Brand strategist Andrew Miller is on a mission: “Every day for 100 days, I will paint one branded object white, removing all visual branding, reducing the object to its purest form.” Each object may be purchased for less than $10. His first post? SPOILER ALERT:
A Heinz Ketchup Pack. It looks like soft, flexible packaging that probably contains a condiment. It definitely looks like I’d have to open it with my teeth. And that I’d likely be experiencing the inevitable condiment spluge as a result. The only question I’d have is what color I’d be scraping off my shirt: red? yellow? or mayo? Is mayo even a color? If so, I wonder what pantone would say…
All kidding “a-side”. We’re big believers in Holistic Packaging Design. Design that synthesizes brand ambition, design disciplines and technological possibilities to create brand and business value through packaging. Andrew Miller’s mission is a great case study in branded packaging communication. Sure, graphic design has a huge role to play in communication. But is it the only design discipline at play? And has Miller achieved his goal of “removing all visual branding”?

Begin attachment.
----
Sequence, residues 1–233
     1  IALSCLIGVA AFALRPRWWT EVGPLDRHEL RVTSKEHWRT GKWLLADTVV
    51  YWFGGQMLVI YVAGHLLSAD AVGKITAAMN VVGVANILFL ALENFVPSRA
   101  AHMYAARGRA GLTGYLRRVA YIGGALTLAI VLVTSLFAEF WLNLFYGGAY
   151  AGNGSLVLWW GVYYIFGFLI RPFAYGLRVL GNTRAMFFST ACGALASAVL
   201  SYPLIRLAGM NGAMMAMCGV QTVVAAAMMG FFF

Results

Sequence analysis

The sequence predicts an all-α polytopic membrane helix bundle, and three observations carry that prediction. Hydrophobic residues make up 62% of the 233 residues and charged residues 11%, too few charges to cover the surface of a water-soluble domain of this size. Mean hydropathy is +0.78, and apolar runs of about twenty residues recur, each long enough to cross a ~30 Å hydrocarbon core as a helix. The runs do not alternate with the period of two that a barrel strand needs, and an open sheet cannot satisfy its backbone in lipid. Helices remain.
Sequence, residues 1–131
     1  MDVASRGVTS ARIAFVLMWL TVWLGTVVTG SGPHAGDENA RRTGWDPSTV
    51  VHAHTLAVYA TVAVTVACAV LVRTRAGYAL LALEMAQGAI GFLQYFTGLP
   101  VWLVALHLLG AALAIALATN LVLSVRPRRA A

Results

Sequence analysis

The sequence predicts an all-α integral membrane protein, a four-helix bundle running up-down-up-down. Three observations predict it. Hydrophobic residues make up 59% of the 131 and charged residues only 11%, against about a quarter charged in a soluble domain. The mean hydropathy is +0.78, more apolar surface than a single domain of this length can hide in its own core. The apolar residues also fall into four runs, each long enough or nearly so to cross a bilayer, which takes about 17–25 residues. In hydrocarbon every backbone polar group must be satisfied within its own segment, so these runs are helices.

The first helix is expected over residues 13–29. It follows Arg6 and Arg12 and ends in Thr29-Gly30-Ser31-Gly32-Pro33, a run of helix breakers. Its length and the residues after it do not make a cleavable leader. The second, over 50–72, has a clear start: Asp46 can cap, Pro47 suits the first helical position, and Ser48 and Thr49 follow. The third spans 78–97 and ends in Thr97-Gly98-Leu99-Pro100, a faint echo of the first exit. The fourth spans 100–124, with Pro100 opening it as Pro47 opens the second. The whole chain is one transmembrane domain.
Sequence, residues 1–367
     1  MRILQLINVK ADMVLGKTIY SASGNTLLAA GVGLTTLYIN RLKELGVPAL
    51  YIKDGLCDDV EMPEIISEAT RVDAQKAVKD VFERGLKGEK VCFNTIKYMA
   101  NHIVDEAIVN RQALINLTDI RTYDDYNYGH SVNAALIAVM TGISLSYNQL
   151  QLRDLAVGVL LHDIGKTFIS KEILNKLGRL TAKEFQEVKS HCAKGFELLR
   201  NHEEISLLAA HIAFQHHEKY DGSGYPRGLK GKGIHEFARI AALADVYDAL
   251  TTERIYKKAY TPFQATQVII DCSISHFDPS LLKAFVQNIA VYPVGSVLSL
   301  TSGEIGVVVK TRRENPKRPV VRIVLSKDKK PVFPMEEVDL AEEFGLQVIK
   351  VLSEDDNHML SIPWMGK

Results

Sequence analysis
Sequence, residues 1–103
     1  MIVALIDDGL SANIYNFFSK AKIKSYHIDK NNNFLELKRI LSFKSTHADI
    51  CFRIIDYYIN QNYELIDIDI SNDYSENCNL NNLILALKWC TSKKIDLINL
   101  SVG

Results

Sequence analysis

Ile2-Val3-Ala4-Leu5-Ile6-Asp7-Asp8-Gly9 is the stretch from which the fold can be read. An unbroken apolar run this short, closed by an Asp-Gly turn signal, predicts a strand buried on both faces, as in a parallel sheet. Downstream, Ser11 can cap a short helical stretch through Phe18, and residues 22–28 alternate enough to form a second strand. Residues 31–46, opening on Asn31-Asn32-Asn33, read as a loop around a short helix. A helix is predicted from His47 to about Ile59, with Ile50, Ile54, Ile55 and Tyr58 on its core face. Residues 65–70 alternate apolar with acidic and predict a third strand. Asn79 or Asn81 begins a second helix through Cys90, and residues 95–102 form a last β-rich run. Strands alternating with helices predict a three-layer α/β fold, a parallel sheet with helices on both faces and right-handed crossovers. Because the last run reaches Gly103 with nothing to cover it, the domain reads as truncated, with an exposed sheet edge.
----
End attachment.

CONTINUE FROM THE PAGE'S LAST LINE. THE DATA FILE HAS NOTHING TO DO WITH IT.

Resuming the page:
For example, in the Day 2 post (answers at bottom). Can you recognize the brand by shape alone? Do graphics really do much heavy lifting in communicating this brand’s promise?
In the Day 10 post, do you recognize it in an instant? What do you imagine you’d find inside? What does the size and shape convey about the product promise inside?
Which makes it a great example for us in branded packaging communication. As more and more regulations and restrictions come into play regarding- who? can say what? and in what ways? We are likely seeing here the early beginnings of the shape of things to come in branding.
Picture Credits: Andrew Miller “Brand Spirit”